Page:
6 Reasons Why Breastfed Babies Sleep Better, According To Science

by Mishal Ali Zafar

Every parent knows that when it comes to babies, sleep time can be a struggle. Whether it’s from reflux, a sleep regression, or the fact that they're just light sleepers, some babies seem to have a lot of trouble falling or staying asleep. If you have been breastfeeding, you may have had it a little easier. In fact, there are several reasons why breastfed babies sleep better, according to science, including the special ingredients that are found in your breast milk.

I nursed both of my children for two years each, and I know that breastsleeping — when you sleep and nurse simultaneously in bed — saved me and my babies from the horror of sleepless nights. I found that when they would nurse cozied up next to me, they would sleep better, and so would I. At the time I didn’t think about the biology behind it — I just did it because it was easier. Turns out, that there is actually some science behind this magic.

It’s important to note that there are no definitive studies to prove that overall, breastfed babies sleep better than formula fed babies. However, there are elements of breastfeeding and breast milk that can help babies sleep better. Here are just a few of the nighttime and nap time benefits of nursing.


Your Breastmilk Is Easy On The Tummy

Courtesy - Mishal Ali Zafar

It is well known that in most cases, breast milk is easier on a baby’s stomach than formula. According to Baby Center, breast milk contains more whey than protein, which makes it easy for your baby to digest and reduces the potential for extra gas or reflux that can wake your baby from their sleep. When your baby’s tummy is calm, their sleep can be restful, too.


Your Baby Is Getting Chemicals That Make Them Sleepy

There are studies that show that when you nurse at night, your breast milk can actually change in composition throughout the day, and even contain more sleep inducing hormones at night, according to New Scientist. Their research showed that the milk your body produces in the evening has higher amounts of chemicals linked to sleepiness called nucleotides. So when you nurse in the evening, your baby is getting a lot of these sleep-inducing nucleotides, helping them to sleep better at night.


Breast milk Has Hormones That Make Your Baby Feel Full

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Believe it or not, there are a number of hormones that are released when you breastfeed. International Board Certified Lactation Consultant (IBCLC) Danielle Downs Spradlin tells Romper that when your baby sucks, a hormone called cholecystokinin is produced, which helps the baby feel sleepy. The cholecystokinin found in breast milk can also help a baby feel fuller, reported Breastfeeding Today, which results in less hunger pangs and more restful sleep.


Breast milk Has Sleep-Inducing Hormones and Amino Acids

Babies don't begin to produce their own melatonin, an important sleep hormone, until they are a few months old explains Spradlin, but they can get it through your breastmilk. A study in the European Journal of Pediatrics found that concentrations of melatonin found in breast milk, which are higher at night, can decrease the chances of colic and improve the quality of sleep in breastfed babies. Evening breast milk even has higher levels of tryptophan and serotonin too, noted to Psychology Today, which aid in the development of sleep-wake cycles.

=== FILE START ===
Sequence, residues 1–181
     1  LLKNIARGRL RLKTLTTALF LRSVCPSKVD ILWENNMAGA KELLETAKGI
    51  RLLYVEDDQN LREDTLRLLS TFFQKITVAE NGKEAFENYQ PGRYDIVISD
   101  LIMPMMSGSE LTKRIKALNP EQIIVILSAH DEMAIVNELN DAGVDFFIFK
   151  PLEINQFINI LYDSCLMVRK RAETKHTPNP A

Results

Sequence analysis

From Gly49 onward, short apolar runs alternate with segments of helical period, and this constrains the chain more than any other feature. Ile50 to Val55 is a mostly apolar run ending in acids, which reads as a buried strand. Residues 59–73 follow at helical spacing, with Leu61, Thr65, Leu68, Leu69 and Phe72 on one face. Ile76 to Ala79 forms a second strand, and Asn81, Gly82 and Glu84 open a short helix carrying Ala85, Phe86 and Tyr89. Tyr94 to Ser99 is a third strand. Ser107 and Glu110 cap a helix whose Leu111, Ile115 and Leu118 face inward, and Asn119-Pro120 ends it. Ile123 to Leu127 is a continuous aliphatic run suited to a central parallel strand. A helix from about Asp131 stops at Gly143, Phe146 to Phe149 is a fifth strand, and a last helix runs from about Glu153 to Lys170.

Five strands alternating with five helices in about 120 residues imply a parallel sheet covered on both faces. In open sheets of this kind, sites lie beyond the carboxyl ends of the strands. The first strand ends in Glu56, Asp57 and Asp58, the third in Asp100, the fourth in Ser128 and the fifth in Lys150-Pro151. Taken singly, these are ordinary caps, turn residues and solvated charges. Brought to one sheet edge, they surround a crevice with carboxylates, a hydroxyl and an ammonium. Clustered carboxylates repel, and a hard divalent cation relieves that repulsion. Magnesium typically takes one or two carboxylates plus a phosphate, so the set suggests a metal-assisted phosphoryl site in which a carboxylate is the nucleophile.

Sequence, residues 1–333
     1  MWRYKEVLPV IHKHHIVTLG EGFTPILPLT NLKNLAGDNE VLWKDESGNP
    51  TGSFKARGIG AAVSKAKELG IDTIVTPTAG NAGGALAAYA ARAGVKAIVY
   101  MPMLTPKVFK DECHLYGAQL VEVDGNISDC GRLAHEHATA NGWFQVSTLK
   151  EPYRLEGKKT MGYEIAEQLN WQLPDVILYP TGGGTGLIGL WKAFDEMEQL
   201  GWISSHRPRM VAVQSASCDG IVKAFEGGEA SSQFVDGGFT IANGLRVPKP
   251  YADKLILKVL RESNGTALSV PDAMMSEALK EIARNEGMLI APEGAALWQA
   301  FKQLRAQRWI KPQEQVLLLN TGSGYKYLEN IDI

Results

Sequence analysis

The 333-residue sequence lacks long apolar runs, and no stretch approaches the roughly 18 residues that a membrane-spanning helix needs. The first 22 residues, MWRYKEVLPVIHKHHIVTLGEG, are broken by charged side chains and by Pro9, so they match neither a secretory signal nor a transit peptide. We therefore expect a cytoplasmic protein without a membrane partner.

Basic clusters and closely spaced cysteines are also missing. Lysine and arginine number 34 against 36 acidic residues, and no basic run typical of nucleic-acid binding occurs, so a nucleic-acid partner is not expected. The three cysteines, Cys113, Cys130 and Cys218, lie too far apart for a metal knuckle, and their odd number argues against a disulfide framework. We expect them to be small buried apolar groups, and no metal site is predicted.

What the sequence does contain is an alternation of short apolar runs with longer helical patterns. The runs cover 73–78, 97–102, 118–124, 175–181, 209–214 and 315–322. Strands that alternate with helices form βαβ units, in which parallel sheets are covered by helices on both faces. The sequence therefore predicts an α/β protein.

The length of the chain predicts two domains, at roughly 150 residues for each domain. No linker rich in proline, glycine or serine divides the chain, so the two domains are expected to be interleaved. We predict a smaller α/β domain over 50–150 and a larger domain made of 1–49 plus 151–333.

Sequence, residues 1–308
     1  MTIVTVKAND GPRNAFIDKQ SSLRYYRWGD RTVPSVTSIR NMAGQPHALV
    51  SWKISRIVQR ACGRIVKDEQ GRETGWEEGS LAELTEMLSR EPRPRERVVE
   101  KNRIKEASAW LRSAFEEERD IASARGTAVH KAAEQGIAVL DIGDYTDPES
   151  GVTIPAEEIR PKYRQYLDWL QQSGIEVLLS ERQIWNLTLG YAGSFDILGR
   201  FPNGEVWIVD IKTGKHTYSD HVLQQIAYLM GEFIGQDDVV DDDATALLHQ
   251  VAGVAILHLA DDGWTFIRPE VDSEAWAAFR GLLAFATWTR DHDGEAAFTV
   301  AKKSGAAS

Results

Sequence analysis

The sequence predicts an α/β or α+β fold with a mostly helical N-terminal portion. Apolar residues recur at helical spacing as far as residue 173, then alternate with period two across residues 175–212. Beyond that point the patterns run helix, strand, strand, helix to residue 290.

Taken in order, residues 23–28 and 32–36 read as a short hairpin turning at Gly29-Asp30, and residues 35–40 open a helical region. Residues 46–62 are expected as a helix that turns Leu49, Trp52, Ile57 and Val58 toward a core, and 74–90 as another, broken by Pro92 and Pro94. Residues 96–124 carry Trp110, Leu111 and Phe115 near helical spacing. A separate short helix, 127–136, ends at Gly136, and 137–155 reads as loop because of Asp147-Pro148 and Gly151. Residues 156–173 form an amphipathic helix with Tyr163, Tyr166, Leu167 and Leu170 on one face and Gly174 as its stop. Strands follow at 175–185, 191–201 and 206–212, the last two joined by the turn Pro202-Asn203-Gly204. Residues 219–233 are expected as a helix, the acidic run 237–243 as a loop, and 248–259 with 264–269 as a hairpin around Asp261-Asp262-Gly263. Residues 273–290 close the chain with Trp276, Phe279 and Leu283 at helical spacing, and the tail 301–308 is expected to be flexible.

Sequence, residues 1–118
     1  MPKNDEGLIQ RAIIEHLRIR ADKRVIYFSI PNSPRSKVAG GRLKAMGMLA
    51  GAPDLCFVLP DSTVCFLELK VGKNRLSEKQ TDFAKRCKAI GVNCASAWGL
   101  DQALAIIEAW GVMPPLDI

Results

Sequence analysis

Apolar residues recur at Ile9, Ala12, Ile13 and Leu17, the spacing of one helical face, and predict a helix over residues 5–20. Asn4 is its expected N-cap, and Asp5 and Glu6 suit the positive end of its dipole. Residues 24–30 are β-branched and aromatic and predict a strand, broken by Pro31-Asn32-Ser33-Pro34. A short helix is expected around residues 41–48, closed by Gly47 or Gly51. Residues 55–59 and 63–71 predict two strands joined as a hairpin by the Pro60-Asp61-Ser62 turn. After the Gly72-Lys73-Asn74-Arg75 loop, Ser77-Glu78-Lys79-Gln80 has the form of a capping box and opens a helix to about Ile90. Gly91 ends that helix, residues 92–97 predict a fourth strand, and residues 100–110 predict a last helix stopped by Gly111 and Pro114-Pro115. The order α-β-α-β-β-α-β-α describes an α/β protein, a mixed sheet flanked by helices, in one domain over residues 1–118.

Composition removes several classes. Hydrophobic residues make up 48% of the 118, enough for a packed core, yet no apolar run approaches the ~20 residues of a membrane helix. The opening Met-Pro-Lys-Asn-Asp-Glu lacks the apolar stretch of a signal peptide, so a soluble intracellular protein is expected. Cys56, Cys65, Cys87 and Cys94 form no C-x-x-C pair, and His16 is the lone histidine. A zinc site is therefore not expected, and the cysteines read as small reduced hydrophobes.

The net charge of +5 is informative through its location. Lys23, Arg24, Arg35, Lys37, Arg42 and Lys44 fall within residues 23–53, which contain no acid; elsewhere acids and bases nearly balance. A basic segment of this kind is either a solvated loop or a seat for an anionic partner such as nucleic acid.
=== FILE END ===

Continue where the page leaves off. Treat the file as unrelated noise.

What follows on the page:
Skin to Skin Breastfeeding Keeps Your Baby Calm And Comfy

When you nurse at the breast, the skin-to-skin contact can be relaxing for your baby. IBCLC Angie Natero tells Romper that skin-to-skin action can help keep your baby’s temperature, heart rate, and breathing more stable. It can also release the “love hormone” oxytocin in the mother, which IBCLC Tori Sproat says helps bond and build trust between both baby and mom. The skin-to-skin time you get when breastfeeding can calm your baby, making them feel safe and secure, while helping them to sleep more comfortably.


Breastsleeping Can Lead To More Sleep

IBCLC Tera Kelley Hamann tells Romper that moms and babies who breastsleep tend to get better sleep than those who don't. Along with getting continuous skin-to-skin time, your baby will have your breast available whenever they get hungry, so they don’t end up crying themselves awake. However, lactation consultants caution that there are certain safety measures you should take when breastsleeping including sleeping on flat firm mattress (no water beds) free of extra pillows, blankets, or soft toys, or other children. And to further avoid the risk of SIDS, you should try to keep baby unswaddled and on their back when they sleep.

For me, breastsleeping came out of sheer exhaustion. I was getting out of bed to check on my baby every time she tossed, turned, or made a squeak, and by morning I felt like a certified zombie. I was so tired one night, that I lay down in my bed with my baby on my breast, and fell asleep. We both slept through the entire night, and from then onward, breastsleeping became my go-to nighttime routine.

Check out Romper's new video series, Bearing The Motherload, where disagreeing parents from different sides of an issue sit down with a mediator and talk about how to support (and not judge) each other’s parenting perspectives. New episodes air Mondays on Facebook.